Biography, Communication and Media Studies, Cultural Studies, Humanities, Life Writing, Literary Studies

Digital Biography

25.07.09 | Comment?

This paper reflects on an emerging field that has no accepted name or boundaries but is described here as “digital biography.” The activities, formats, and genres associated with this field are rarely linked with life writing or traditional biographical studies. Rather, this field is seen as the domain of those concerned with digital privacy, copyright, data preservation, and identity management. Over the past decade or so, critics in various disciplines, mainly legal studies, information management, multimedia design, and IT development, as well as sociology, psychology, and marketing, have focused on the complexity of online identity. Though online identity has become such a significant focus of attention in these disciplines, few who study biography have discussed it. Indeed, as Nigel Hamilton points out, biography itself has had less attention than one might expect for a field that “has enjoyed an extraordinary renaissance in recent years” (1), a field that, according to Carl Rollyson, is widely recognized as “the dominant non-fiction of our age” (User’s Guide 137). Suddenly, however, biography is demanding attention more visibly and more urgently than in the past, and from spheres of activity that are so alien to the traditional study of biography that their rapid infiltration of the field is being experienced as something of an ambush. These diverse life-recording developments, mostly outside the mainstream genre are the subject of this paper. Regardless of their immediate relevance to biography as we have known it, these digital incursions will undoubtedly transform, and are already transforming, public awareness of and engagement with concepts of self and identity; truth and fiction; memory and imagination; reality and fabrication; public and private; and, entangled with all of these, autobiography and biography. This paper identifies current digital developments and trends that are influencing the production of lives and identities online in order to speculate on the digital future of biography.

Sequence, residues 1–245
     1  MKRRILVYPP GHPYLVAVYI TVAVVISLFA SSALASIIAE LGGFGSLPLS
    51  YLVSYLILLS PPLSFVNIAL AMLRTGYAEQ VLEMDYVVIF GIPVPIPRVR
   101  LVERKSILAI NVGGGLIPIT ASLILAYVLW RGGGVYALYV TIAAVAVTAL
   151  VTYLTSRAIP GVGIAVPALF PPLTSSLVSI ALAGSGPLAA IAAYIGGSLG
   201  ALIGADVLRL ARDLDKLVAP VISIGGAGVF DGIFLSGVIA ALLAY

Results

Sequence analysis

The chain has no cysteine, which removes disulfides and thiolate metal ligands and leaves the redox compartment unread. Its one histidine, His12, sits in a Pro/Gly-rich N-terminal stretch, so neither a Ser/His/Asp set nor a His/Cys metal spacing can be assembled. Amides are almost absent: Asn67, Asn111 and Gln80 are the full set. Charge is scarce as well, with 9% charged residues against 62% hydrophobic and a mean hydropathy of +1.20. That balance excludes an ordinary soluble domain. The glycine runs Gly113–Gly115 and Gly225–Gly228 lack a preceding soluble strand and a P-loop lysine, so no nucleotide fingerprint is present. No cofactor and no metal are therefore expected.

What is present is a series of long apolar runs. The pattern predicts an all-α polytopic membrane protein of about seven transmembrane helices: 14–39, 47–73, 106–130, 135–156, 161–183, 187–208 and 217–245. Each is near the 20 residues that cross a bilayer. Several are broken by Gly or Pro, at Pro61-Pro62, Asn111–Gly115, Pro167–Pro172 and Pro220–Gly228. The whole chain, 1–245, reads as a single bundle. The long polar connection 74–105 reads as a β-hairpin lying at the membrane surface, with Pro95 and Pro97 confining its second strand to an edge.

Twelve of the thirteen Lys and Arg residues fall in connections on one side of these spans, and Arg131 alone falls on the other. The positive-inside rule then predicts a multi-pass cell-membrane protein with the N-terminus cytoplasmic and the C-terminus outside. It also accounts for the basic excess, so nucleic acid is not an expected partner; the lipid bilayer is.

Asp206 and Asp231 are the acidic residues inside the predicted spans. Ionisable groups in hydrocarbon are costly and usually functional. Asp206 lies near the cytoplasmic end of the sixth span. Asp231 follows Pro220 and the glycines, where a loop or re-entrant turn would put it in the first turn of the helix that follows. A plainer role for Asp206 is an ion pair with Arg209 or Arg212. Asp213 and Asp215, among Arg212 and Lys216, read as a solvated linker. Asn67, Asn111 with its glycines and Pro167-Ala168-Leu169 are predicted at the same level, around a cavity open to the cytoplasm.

Arthur, Paul Longley. “Digital Biography: Capturing Lives Online,” Auto/Biography Studies 24, no.1 (2010): 74–92. doi: 10.1353/abs.2009.0012.

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Paul Arthur is Vice-Chancellor’s Professorial Research Fellow and Chair in Digital Humanities and Social Sciences, at Edith Cowan University, Western Australia. He speaks and publishes widely on major challenges and changes facing 21st-century society, from the global impacts of technology on communication, culture and identity